Despite walkout there’s plenty of fuel, says garages, and no reason for price rises.
The planned strike by oil refinery workers in Scotland could cost the UK £50m a day. The walk out, due for Sunday, will have a knock-on effect that could hit the nation’s economy hard. Staff at the Grangemouth site, which supplies a tenth of the UK’s fuel and is the only refinery in Scotland, are in dispute with management over pension payments. If the action gs ahead, it will be the first total shutdown in the location's history.
But, for now, there’s little risk of pumps across Scotland running dry – unless everyone panics and fills their tanks. The Retail Motor Industry Federation, which represents garage owners, says there is enough in reserve to last for 10 weeks. However, if drivers rush to the pumps, the police have emergency powers to clear forecourt queues. Forecourt staff may also be instructed to limit purchases of fuel to £20 per customer. It’s also possible that some forecourts in remote areas could run dry temporarily because of ‘hiccups’ in supply. BP is, however, withdrawing a promotion it is running in Scotland and northern England that offered double Nectar card points to drivers who fill-up twice within a week. The company said it sent the ‘wrong message’ at this time.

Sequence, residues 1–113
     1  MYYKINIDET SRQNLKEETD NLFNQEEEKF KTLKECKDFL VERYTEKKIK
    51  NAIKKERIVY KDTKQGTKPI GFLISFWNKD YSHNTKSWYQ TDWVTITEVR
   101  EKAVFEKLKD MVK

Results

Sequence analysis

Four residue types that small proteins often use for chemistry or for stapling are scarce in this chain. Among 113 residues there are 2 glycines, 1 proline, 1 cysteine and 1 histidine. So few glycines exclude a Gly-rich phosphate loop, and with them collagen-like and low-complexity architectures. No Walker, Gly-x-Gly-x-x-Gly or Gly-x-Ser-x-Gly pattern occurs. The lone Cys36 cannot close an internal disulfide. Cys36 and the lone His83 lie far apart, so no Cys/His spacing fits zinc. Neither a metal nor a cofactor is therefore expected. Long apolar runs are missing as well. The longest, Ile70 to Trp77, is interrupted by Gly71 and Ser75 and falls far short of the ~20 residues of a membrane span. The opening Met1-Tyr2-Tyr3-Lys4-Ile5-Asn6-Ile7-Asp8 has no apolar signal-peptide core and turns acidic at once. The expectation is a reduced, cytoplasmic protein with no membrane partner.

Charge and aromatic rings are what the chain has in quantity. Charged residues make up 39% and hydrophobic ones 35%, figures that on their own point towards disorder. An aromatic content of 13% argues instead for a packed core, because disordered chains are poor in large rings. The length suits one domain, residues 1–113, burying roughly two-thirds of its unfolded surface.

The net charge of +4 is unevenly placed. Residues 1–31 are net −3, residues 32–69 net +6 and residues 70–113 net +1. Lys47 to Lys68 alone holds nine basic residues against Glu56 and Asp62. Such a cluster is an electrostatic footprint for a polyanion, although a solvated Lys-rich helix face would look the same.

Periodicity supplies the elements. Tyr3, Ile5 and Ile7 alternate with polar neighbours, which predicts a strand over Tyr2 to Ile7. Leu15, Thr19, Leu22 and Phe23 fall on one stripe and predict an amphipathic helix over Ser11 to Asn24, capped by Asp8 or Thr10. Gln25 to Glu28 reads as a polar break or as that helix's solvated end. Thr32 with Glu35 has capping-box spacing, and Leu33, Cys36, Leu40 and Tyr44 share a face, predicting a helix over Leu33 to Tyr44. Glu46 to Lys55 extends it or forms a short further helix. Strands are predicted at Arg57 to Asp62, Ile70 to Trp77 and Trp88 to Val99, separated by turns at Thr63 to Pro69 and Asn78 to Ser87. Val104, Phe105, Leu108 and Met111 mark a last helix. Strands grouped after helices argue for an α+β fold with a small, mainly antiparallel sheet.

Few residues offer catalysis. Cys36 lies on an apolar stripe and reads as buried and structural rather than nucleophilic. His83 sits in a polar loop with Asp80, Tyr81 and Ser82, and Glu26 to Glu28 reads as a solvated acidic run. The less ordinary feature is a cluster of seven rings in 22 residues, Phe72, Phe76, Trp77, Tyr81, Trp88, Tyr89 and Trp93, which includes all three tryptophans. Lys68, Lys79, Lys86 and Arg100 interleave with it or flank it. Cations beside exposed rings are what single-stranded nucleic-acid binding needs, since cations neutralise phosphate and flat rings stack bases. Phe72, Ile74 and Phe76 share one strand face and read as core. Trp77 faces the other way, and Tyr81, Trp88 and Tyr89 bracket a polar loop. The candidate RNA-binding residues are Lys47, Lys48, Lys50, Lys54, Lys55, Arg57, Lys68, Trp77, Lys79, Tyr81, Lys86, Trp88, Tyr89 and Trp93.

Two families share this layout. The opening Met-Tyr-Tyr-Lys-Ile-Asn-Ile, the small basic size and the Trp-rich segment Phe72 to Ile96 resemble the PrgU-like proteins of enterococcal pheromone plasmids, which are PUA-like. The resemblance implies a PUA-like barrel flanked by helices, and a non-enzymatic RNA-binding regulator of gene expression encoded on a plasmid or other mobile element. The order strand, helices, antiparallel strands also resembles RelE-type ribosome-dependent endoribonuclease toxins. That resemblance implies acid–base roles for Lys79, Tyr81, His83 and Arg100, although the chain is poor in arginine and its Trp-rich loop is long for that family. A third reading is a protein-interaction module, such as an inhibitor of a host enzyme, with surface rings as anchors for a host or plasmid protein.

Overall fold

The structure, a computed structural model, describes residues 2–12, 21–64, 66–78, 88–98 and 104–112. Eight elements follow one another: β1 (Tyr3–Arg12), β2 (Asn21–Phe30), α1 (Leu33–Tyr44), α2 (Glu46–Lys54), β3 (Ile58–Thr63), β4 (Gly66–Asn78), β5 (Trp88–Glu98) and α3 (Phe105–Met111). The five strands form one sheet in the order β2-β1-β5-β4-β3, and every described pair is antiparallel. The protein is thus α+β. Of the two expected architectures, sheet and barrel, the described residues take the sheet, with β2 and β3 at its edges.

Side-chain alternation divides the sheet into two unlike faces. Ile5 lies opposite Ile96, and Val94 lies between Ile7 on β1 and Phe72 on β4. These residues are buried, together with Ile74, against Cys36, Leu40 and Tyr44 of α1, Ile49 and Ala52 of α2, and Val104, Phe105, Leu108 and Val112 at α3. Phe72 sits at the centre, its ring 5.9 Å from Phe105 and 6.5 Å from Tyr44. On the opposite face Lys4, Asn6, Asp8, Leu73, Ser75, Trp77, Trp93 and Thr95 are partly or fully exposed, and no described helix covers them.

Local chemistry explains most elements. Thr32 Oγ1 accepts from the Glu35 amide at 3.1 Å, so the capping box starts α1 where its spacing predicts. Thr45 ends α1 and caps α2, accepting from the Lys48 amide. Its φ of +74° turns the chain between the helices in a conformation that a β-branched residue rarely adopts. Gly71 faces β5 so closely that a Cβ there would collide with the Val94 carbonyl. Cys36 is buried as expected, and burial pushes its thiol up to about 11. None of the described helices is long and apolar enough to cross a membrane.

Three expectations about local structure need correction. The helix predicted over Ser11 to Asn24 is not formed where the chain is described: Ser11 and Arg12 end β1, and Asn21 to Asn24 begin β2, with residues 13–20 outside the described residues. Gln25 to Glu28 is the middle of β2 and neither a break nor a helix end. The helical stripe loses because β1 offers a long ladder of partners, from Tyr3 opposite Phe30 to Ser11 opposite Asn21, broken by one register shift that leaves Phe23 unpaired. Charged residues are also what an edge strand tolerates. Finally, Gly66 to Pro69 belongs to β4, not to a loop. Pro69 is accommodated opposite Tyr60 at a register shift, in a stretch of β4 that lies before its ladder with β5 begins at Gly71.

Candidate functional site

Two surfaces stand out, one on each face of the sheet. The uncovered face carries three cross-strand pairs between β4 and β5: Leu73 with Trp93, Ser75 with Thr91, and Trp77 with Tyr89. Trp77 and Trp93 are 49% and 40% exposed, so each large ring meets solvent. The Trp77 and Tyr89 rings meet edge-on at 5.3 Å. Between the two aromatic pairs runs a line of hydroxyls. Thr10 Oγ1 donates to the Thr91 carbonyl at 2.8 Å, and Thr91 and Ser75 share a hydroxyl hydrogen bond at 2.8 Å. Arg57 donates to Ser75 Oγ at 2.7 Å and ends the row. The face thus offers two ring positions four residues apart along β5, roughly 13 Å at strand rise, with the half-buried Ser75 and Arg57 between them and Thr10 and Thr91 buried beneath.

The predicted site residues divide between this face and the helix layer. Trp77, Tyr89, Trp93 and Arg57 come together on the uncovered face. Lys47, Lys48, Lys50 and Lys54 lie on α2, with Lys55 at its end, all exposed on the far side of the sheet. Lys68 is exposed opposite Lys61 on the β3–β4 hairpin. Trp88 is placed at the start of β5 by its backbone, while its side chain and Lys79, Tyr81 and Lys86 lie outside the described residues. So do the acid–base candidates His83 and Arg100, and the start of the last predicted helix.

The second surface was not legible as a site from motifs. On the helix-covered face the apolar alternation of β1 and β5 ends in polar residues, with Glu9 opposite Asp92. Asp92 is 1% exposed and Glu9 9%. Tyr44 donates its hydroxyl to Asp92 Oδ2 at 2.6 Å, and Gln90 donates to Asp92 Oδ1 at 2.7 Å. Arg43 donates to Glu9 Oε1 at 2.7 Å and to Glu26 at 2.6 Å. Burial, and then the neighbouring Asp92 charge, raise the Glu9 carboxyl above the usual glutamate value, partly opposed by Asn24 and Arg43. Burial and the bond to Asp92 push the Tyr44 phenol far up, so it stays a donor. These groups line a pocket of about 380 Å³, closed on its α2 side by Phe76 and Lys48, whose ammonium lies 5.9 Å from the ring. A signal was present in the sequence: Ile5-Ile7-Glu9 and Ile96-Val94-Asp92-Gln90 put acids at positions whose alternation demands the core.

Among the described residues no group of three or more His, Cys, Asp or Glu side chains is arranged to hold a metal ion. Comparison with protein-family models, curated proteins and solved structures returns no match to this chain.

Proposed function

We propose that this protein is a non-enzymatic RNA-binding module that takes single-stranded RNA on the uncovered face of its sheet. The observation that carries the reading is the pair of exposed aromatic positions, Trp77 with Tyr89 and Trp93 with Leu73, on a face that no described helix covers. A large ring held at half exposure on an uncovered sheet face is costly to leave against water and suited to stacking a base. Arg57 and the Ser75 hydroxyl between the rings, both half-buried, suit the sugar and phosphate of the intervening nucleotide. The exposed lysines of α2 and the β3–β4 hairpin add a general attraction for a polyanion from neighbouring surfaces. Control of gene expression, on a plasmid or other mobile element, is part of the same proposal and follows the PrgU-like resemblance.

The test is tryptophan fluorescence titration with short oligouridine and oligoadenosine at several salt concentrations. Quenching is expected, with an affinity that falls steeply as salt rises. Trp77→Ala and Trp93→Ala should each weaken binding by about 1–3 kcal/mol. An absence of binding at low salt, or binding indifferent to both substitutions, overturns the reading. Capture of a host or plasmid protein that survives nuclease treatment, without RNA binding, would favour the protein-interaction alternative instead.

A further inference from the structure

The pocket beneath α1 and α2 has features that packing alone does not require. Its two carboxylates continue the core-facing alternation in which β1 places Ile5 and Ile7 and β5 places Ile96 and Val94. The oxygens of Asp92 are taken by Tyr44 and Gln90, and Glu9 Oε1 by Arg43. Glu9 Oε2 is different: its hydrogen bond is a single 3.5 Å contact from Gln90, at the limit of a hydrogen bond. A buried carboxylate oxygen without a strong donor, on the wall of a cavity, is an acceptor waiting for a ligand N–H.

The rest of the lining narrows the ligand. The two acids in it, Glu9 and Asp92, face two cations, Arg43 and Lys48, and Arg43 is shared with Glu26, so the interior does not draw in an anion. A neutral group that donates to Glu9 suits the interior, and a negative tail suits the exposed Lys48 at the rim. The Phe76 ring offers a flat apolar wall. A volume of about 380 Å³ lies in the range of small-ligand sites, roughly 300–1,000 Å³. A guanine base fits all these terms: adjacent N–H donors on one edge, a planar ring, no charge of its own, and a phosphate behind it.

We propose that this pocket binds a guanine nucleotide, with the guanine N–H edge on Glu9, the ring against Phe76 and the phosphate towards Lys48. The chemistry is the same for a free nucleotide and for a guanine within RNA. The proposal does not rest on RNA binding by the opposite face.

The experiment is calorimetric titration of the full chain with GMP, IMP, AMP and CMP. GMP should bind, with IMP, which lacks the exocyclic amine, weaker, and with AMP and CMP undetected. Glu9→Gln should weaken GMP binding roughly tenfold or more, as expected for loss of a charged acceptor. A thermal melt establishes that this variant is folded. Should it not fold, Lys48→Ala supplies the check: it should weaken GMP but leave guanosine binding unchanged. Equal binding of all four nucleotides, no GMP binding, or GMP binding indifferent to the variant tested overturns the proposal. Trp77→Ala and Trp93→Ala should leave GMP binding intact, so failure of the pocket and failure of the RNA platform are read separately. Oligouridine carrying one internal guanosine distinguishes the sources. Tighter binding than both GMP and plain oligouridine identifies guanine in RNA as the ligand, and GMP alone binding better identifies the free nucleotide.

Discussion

Fuel prices are already running at record levels and Scottish Finance Minister John Swinney said it would be ‘unacceptable’ for any retailer to take advantage of public fears over fuel supplies and raise prices. Grangemouth is linked to the BP Kinnell processing site, which receives 725,000 barrels of crude oil per day and also natural gas from the Forties pipeline in the North Sea.
While staff are planning to stay away for only two days initially, it will take much longer for the site to return to normal working. Parts of the refinery runs at temperatures up to 900deg C and the system has to cool and heat up again gradually, over several days.